Where the Normal is Crisis: Service Delivery to Underserved Populations during the COVID Pandemic

  • Shiva Nourpanah Saint Mary’s University; University of Guelph; Transition House Association of Nova Scotia
Keywords: normal, crisis, service, community-based organizations, racialized, civil society, violence against women, refugees, ethnic minorities

Abstract

Women and children subject to violence. Refugees. The incarcerated and criminalized. The homeless. Ethnic and racialized minorities. When a global pandemic hits populations that are already vulnerable, racialized, marginalized, historically subject to oppression, and underserved, the civil society organizations mandated to serve them need all their ingenuity and resourcefulness to provide support while following public health guidelines. As the COVID‑19 global pandemic forced the closure of many workplaces and the re-direction of public social life, the daily lives of vulnerable people, many already struggling on the margins of society, and those mandated to serve and support them changed shape drastically in some ways, and in other ways, not so much. My main argument is that the pandemic of 2020 and consequent imposed restrictions brought about a moment of difference in how our society treats those who are usually and in “normal” times pushed to the margins, invisible and overlooked. Policy spotlight, propelled by panic and a global public health crisis, shone on them, rendering them sharply visible.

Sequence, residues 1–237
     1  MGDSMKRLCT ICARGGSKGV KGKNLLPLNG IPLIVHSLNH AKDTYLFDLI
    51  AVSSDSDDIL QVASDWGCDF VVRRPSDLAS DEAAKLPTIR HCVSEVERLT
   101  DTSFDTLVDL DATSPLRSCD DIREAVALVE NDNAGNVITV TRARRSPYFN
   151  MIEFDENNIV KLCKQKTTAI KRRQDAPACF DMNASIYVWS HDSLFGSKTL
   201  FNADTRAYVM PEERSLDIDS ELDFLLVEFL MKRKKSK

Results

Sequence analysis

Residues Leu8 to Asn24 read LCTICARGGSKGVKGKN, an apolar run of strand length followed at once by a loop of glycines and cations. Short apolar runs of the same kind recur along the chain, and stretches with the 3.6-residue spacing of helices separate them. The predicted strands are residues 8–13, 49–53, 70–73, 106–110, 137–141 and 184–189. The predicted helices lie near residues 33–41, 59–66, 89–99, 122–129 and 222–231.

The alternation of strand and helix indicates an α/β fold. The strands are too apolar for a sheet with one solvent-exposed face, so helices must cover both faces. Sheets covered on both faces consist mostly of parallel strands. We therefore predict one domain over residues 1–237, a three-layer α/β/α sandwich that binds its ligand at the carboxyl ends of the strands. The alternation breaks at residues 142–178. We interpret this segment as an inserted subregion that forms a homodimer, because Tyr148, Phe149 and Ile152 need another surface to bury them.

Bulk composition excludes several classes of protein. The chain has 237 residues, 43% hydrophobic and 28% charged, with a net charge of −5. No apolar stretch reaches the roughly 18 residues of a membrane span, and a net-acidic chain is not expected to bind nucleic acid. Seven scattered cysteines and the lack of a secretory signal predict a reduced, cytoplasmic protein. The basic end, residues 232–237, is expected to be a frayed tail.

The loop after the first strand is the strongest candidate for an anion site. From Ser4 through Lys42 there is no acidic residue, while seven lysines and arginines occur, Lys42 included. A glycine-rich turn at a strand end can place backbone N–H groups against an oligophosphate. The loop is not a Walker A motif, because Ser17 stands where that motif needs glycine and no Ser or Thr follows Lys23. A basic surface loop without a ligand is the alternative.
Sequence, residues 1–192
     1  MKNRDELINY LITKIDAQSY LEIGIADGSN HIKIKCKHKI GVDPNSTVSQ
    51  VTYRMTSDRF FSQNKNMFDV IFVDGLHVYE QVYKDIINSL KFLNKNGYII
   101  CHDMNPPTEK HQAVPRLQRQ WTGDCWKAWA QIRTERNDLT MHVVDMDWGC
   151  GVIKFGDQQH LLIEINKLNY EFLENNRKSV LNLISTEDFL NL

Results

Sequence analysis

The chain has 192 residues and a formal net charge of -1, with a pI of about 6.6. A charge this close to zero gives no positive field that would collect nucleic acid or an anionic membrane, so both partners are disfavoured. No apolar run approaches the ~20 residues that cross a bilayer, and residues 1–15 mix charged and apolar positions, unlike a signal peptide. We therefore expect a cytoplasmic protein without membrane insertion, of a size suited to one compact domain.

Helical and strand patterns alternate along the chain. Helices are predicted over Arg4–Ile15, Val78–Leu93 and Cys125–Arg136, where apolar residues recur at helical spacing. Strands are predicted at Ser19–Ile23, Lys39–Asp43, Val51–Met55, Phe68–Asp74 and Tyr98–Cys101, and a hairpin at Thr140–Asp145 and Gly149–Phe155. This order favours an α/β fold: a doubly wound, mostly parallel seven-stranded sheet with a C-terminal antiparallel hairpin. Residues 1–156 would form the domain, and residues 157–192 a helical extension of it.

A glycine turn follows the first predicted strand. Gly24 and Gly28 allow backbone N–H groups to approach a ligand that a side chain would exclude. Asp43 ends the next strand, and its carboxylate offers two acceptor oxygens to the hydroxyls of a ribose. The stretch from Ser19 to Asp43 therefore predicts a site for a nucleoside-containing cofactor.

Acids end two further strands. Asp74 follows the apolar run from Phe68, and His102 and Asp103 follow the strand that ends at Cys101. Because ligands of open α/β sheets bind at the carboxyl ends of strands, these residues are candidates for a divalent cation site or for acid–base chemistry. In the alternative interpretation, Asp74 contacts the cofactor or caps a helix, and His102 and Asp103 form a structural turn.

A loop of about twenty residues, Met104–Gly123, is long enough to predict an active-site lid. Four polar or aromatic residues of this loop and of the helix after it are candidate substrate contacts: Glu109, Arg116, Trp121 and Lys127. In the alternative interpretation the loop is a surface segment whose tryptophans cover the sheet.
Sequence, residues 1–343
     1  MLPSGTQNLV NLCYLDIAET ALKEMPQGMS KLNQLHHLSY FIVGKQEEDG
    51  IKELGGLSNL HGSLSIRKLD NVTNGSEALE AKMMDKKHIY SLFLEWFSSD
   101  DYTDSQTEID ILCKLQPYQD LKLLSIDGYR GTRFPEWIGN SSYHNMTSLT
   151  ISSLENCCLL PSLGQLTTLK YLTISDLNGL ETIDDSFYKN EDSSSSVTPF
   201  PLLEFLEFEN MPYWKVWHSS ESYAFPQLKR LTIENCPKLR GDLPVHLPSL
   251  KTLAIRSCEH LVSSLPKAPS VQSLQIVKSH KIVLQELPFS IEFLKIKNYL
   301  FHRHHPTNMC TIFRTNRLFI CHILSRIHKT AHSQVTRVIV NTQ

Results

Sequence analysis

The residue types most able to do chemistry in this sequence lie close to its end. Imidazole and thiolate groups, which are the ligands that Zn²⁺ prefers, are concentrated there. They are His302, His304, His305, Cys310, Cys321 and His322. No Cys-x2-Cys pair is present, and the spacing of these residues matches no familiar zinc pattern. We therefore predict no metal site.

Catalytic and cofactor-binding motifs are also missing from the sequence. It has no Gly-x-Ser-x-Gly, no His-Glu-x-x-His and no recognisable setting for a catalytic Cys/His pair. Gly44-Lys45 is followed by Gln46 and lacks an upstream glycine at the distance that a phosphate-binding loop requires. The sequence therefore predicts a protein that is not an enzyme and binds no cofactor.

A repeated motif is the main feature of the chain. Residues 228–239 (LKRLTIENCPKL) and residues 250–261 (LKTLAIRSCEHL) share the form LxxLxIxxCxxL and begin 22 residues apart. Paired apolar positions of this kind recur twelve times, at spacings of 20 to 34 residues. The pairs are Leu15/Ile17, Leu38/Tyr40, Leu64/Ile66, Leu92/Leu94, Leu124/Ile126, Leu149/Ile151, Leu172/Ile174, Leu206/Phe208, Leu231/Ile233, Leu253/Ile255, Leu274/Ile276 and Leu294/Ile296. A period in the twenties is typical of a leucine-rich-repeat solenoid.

Published
2021-05-01
How to Cite
Nourpanah, S. (2021). Where the Normal is Crisis: Service Delivery to Underserved Populations during the COVID Pandemic. Anthropologica, 63(1). https://doi.org/10.18357/anthropologica6312021330